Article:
||07-24-2009 06:31 AM
Low Carb Diets Cause Obesity, Low Carb Diets Reverse Obesity.
Interesting paper which, if I'm reading it right, suggests that high fat non-ketogenic diets such as Atkins, South Beach etc. (~20% protein) increase adiposity while high fat ketogenic diets (~8% protein) reverse adiposity.
Low-carbohydrate diets cause obesity, low-carbohydrate diets reverse obesity: a metabolic mechanism resolving the paradox.
High-fat diets produce obesity in part because, per calorie, glucose produces greater post-prandial thermogenesis than lipids, an effect probably mediated by glucose-sensing neurons. A very low carbohydrate/high-fat/high-protein Atkins-type diet produces obesity but is marginally ketogenic in mice. In contrast, high-sucrose/low-fat diets, and very low carbohydrate/high-fat/low-protein (anti-epileptic) ketogenic diets reverse diet-induced obesity independent of caloric intake. We propose that a non-ketogenic high-fat diet reduces glucose metabolism and signaling in glucose-sensing neurons, thereby reducing postprandial thermogenesis, and that a ketogenic high-fat diet does not reduce glucose signaling, thereby preventing and/or reversing obesity.
Do low carbohydrate diets promote or reverse obesity?
“A systematic review of low-carbohydrate diets found that the weight loss achieved is associated with the duration of the diet and restriction of energy intake, but not with restriction of carbohydrates.”(Astrup et al., 2004)
“This review covers evidence from carefully controlled laboratory studies, clinical trials, studies in populations at high risk of developing obesity, and epidemiologic studies on the role of sugars, particularly sucrose, in the development of obesity. Although many environmental factors promote a positive energy balance, it is clear that the consumption of a low-carbohydrate, high-fat diet increases the likelihood of weight gain.” (Saris, 2003)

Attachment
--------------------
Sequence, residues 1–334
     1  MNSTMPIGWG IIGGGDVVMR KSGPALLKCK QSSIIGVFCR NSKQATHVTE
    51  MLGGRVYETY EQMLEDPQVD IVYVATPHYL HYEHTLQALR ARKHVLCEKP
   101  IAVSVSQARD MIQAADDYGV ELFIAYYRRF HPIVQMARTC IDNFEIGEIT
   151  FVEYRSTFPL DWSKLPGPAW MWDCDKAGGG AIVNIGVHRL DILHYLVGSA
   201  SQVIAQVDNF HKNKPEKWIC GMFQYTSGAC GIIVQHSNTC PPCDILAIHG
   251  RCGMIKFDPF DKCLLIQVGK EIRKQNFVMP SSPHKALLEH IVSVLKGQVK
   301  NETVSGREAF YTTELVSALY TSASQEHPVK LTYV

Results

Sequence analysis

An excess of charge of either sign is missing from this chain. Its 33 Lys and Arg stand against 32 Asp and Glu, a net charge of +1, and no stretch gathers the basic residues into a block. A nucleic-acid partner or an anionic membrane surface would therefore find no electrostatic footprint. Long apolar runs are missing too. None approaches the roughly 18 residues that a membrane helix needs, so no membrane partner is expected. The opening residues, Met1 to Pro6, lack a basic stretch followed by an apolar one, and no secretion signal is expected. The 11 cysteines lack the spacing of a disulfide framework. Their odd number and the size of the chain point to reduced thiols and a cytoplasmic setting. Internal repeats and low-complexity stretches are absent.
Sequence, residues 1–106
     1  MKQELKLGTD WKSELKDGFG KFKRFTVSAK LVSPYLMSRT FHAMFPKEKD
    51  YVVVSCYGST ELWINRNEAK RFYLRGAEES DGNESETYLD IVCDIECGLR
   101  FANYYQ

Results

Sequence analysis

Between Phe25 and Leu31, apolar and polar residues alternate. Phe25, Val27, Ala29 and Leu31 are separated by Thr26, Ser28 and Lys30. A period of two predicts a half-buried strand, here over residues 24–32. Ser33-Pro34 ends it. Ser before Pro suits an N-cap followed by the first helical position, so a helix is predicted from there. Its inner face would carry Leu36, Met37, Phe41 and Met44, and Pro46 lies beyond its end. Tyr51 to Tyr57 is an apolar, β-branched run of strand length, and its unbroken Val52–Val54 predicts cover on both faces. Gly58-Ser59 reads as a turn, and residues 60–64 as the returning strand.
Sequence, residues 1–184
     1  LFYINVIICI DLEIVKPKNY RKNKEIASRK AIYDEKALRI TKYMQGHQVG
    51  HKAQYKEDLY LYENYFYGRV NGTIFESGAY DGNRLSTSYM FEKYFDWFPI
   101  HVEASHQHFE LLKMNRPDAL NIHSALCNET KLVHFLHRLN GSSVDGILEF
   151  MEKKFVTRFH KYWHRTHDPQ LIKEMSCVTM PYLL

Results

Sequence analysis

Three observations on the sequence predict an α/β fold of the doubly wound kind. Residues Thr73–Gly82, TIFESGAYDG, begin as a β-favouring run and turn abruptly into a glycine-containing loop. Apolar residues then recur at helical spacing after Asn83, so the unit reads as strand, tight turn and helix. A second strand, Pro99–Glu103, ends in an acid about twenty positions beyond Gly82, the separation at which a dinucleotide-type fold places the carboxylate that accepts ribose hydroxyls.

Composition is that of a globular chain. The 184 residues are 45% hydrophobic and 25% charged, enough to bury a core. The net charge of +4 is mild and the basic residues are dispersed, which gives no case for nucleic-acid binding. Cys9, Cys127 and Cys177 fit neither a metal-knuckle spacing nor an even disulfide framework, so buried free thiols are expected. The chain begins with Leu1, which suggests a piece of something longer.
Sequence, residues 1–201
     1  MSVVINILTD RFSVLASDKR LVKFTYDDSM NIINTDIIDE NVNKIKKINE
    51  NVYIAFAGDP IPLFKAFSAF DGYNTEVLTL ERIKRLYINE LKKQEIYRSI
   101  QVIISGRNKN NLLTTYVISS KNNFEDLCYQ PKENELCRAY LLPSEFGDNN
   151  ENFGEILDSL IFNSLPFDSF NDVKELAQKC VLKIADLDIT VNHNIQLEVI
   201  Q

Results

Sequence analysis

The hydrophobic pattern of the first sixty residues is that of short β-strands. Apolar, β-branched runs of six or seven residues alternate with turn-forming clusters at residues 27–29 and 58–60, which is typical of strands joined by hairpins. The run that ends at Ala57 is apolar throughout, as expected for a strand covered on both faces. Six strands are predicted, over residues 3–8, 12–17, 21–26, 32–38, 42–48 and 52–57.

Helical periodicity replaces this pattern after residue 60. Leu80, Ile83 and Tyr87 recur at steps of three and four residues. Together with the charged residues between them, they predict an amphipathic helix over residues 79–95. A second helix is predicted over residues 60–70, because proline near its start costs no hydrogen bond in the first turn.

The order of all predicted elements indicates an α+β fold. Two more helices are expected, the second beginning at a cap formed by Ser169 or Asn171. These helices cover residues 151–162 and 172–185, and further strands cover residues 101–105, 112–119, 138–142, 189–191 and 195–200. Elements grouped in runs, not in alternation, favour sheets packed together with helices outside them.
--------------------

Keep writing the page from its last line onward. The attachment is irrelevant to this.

These two statements from recent reviews neatly state the current consensus regarding the effect of dietary composition on obesity. In fact, despite the enormous popularity of low-carbohydrate diets such as the Atkins diet, the South Beach diet and the Zone diet, the professional consensus is that low-carbohydrate diets (which typically implies high-fat diets) are more likely to produce obesity than reverse obesity. Although several studies have reported that low-carbohydrate diets are slightly better than low-fat diets to reduce body weight over a period of about 4-6 months (Brehm et al., 2003; Brehm et al., 2004; Foster et al., 2003), the differences were not significant after a year (Foster et al., 2003; Stern et al., 2004). Similarly, recent “low-glycemic” diets have been promoted as useful for weight loss (Ludwig, 2003). It must be emphasized, however, other studies have failed to support the effectiveness of low-carbohydrate diets (Astrup et al., 2004; Lean & Lara, 2004; Meckling et al., 2004; Truby et al., 2004) or low glycemic diets (Sloth et al., 2004) in long-term maintenance of weight loss. Similarly, although under certain circumstances access to sucrose separately from protein can lead to over-consumption and increased adiposity, this phenomenon appears to occur due to a requirement for sufficient protein and the effect is not observed when protein concentrations are high enough (Kanarek et al., 1987). Certainly many studies have demonstrated the beneficial effects of high-carbohydrate, low fat diets (e.g., the Mediterranean diet: Schroder et al., 2004) in reducing adiposity and other aspects of the metabolic syndrome.